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United States Department of Agriculture

Agricultural Research Service

Title: Comparing Irrigation Levels for Conventional and Conservation Tillage Systems

Authors
item Balkcom, Kipling
item Rowland, Diane
item Lamb, Marshall

Submitted to: American Peanut Research and Education Society Abstracts
Publication Type: Abstract Only
Publication Acceptance Date: April 1, 2002
Publication Date: March 1, 2003
Citation: Balkcom, K.S., Rowland, D., Lamb, M.C. 2003. Comparing irrigation levels for conventional and conservation tillage systems. American Peanut Research and Education Society Abstracts.

Interpretive Summary: Not needed for "abstract only"

Technical Abstract: Tillage practices, that conserve moisture, may reduce irrigation frequency and/or amounts, which will benefit rural and urban residents as water issues become more prevalent across the U.S. Information is limited on how much water growers can conserve by utilizing conservation tillage systems. A study will be initiated this year to compare optimal amounts of water to maximize yields and profits of selected crops for conventional and conservation tillage systems. Three replications of conventional tillage, no tillage, and strip tillage plots will be randomly assigned under a three span lateral irrigation system in conjunction with a dryland control for a peanut (Arachis hypogaea L.), corn (Zea mays L.), cotton (Gossypium hirsutum L.) rotation on approximately 4 ha located near Dawson, GA. Planned measurements include yield and quality data for each crop, soil moisture and temperature measurements across the site, and intensive water use measurements in peanut. This experimental design will help quantify how much water a grower can conserve by utilizing conservation tillage practices compared to conventional tillage practices. Possible increased water savings from conservation tillage systems should provide incentives to growers to utilize these tillage practices, which may lower production costs associated with irrigation.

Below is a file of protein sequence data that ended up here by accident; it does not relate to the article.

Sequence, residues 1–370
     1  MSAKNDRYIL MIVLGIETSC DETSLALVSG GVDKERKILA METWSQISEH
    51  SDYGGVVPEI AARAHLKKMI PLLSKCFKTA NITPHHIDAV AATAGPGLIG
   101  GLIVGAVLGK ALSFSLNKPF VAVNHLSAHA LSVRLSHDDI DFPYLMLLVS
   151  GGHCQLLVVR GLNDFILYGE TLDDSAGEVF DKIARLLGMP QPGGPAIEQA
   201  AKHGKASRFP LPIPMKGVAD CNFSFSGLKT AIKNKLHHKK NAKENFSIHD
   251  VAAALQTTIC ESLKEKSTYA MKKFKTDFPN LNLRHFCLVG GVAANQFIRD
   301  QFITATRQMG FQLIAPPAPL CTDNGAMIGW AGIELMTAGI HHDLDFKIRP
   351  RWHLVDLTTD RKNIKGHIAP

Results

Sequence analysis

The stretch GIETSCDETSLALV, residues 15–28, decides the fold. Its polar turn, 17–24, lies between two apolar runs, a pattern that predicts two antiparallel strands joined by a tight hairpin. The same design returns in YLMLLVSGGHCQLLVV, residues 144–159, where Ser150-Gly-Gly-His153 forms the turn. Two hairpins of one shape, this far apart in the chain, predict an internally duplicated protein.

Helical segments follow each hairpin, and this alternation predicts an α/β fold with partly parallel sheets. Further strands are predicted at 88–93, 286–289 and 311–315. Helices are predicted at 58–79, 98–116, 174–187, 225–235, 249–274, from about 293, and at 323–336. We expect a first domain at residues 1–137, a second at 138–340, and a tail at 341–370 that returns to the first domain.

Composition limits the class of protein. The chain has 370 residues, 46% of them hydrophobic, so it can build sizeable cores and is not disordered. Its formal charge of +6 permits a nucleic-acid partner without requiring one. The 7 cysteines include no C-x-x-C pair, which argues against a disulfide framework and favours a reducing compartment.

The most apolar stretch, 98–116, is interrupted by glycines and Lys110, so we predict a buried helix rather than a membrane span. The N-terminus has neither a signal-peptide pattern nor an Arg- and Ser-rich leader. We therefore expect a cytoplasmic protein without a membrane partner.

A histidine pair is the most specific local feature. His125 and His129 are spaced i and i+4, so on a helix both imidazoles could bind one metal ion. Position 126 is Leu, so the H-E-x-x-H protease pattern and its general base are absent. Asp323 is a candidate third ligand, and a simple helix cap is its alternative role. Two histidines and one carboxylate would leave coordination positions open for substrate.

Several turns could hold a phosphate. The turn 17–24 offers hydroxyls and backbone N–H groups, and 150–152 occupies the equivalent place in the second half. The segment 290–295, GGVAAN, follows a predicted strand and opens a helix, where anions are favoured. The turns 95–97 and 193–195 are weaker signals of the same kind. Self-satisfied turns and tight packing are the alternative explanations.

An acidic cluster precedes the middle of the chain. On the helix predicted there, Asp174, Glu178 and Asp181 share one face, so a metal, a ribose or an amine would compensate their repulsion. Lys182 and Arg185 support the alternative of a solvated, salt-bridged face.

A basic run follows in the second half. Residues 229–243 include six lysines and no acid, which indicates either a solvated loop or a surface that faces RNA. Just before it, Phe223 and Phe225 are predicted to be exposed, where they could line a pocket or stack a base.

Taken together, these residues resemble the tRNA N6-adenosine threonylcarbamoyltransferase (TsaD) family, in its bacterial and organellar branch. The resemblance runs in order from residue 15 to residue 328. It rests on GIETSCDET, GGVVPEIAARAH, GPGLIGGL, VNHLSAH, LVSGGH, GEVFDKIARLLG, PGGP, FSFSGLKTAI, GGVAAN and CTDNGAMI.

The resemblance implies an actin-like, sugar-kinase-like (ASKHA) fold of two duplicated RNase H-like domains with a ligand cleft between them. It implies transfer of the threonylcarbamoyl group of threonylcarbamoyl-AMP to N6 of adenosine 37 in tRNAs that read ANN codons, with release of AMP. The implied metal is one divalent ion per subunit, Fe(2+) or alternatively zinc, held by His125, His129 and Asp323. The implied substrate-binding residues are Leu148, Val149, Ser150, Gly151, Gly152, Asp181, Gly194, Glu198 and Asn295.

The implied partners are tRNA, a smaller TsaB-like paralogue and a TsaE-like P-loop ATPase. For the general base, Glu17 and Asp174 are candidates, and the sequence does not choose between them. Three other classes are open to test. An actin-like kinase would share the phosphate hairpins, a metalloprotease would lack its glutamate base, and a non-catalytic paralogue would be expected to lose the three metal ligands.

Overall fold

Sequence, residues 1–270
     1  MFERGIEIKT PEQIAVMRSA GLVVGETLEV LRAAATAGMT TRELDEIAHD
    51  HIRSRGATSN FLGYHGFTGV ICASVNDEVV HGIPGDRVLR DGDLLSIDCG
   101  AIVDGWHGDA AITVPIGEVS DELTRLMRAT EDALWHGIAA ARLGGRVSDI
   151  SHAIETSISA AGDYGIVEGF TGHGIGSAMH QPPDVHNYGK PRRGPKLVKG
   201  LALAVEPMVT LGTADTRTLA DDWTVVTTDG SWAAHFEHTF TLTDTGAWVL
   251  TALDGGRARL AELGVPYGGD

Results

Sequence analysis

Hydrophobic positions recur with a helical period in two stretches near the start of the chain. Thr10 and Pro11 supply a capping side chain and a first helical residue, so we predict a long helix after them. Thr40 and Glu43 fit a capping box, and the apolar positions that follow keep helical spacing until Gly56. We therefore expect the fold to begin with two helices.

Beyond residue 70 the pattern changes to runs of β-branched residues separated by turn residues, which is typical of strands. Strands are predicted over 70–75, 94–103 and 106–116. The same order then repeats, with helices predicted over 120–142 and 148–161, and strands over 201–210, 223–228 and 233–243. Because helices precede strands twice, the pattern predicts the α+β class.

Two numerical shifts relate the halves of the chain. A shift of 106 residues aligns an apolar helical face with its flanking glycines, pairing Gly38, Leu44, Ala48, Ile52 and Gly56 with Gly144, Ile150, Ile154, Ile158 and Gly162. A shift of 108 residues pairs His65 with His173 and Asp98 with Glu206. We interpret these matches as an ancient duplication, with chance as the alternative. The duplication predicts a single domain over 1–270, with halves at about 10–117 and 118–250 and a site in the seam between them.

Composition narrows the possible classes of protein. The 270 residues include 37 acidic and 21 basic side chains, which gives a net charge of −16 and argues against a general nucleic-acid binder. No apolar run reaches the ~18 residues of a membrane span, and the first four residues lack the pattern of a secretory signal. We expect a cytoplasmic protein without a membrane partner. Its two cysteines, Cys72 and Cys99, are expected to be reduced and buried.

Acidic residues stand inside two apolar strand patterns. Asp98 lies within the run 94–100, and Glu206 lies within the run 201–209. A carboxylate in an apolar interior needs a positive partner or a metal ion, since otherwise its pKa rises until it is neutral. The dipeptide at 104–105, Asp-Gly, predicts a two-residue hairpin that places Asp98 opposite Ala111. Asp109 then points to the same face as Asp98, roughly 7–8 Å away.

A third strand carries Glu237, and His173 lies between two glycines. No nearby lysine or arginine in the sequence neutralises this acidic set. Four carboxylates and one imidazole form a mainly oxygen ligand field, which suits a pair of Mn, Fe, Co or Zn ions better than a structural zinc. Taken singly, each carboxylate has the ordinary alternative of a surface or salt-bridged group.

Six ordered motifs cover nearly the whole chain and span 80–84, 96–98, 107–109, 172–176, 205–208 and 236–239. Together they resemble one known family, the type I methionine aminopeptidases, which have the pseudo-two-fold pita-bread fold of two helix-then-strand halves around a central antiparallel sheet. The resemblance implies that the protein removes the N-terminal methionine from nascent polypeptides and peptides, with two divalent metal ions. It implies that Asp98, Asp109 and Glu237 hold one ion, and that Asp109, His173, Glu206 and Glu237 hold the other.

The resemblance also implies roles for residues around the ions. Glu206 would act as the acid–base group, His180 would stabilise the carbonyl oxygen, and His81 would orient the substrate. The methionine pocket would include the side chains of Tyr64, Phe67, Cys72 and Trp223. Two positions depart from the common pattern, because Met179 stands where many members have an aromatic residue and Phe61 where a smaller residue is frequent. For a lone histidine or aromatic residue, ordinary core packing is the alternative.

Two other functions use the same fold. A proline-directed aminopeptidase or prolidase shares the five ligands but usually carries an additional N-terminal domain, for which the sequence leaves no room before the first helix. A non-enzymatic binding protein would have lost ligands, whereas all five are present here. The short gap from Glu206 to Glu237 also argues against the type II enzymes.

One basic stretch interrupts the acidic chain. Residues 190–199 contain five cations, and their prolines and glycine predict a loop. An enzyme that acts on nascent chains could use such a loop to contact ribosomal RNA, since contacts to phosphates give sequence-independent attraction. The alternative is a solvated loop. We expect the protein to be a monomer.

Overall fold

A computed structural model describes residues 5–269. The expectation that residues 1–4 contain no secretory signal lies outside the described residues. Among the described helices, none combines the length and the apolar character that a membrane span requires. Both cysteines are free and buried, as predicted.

Last Modified: 11/23/2014
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